This is the first part of my summary of the book “Technopoly: the Surrender of Culture to Technology“, by Neil Postman. Especially after reading this book, I feel forced to say (and insist on) that this is just my take on this book: it’s subjective and incomplete (parts that I found less interesting, agreed less with or I found less value in I cover less, or not cover at all). That said, it’s not like I agree with everything in my summary, but I found that the featured parts were good food for thought.
The book has an introduction and 11 chapters. This first part of the summary will cover the introduction and the first two chapters, “The judgement of Thamus” and “From Tools to Technocracy”.
The main argument this book explores is not between humanists and scientists, but between technology and everybody else. Most people believe that technology is a friend. It is a friend that asks for trust and obedience, which most give because its gifts are bountiful. The dark side it that it creates a culture without moral foundation, undermines certain mental processes and social relations that make human life worth living. Technology is both a friend and enemy. The book tries to explain when, how and why technology became a particularly dangerous enemy.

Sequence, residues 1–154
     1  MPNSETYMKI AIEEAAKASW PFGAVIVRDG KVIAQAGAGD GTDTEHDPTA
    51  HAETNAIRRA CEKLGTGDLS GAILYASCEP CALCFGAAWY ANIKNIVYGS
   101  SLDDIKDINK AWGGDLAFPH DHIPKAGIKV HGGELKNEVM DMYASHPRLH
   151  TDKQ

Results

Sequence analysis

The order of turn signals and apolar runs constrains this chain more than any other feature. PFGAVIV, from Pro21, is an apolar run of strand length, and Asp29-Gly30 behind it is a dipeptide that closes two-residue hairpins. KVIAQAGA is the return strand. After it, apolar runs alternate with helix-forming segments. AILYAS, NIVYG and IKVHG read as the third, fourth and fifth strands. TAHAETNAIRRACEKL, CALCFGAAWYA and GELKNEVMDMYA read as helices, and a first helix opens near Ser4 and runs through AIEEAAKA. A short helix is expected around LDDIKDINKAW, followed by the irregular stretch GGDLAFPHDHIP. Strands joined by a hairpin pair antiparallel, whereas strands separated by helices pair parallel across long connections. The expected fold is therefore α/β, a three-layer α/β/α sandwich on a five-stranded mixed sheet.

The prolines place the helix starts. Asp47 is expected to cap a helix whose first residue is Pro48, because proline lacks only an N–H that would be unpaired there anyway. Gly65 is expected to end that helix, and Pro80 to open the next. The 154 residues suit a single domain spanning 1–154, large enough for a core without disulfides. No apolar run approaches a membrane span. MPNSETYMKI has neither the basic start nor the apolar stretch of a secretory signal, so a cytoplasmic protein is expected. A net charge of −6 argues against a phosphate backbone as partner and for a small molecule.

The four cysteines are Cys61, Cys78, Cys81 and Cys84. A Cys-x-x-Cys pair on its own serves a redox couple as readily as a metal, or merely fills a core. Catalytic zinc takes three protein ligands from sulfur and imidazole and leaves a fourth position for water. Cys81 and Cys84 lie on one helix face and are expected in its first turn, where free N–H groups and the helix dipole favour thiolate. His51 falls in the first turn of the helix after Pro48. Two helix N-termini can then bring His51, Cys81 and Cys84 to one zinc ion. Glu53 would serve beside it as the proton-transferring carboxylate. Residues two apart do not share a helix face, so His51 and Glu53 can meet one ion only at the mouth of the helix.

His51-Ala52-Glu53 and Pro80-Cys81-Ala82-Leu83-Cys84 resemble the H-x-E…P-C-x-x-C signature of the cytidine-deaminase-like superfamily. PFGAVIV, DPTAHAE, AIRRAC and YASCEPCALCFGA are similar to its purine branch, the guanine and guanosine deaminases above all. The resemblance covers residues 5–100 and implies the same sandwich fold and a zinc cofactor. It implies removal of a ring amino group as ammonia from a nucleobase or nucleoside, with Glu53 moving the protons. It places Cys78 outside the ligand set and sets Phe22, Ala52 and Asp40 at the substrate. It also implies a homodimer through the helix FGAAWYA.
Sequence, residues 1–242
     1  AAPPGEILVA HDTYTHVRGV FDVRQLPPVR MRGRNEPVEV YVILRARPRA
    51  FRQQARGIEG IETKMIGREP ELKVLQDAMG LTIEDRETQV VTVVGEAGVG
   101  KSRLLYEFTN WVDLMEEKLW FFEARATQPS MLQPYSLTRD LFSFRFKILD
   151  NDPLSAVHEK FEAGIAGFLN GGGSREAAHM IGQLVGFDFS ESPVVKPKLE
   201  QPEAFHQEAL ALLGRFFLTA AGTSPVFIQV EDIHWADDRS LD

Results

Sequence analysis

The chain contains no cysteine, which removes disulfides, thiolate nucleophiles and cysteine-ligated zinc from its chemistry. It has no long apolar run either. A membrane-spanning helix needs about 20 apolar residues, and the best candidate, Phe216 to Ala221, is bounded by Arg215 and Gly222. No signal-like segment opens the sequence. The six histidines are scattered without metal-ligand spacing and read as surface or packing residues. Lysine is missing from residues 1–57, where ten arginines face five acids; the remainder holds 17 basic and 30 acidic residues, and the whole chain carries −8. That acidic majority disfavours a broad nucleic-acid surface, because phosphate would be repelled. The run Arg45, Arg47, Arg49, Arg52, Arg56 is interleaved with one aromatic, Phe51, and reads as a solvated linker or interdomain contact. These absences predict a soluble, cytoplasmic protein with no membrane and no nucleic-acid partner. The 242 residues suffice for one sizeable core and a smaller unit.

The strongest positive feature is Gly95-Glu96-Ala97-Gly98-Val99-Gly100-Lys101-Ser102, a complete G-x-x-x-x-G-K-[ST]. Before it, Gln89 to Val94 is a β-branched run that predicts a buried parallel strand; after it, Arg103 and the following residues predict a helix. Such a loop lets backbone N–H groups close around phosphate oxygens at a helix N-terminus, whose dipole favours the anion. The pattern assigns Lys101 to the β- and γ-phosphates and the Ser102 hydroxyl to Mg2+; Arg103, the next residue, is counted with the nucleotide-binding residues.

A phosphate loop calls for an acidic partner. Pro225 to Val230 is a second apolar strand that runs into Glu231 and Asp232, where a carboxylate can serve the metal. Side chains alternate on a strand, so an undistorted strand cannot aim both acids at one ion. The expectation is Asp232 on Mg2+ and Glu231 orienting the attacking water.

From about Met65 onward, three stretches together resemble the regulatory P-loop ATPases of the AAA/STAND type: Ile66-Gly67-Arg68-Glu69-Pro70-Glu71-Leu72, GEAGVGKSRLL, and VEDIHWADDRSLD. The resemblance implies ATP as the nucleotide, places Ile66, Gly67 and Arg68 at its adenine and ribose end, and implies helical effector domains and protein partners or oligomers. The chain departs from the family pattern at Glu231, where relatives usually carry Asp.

The judgement of Thamus
Socrates story (p. 3,4). We can learn from it that it’s a mistake to think that any technological innovation has a one-sided effect: it’s always a blessing and a burden.
Radical technologies create new definitions for old terms, and this happens without us being fully concious of it (e.g. telegraph changed “information”, TV changed “political debate”, “news” and “public opinion”). It’s insidious and dangerous, different from the process of creating new terms. This is what Tamus tried to teach us: technology redefines all the words we live by, and it doesn’t pause to tell us. Or us to ask.